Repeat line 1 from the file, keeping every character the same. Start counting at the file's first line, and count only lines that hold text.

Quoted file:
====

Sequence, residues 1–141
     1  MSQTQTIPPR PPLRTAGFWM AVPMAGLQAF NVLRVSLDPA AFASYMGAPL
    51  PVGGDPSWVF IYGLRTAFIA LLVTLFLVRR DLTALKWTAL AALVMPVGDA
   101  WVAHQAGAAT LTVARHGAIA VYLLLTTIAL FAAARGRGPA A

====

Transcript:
Sequence, residues 1–141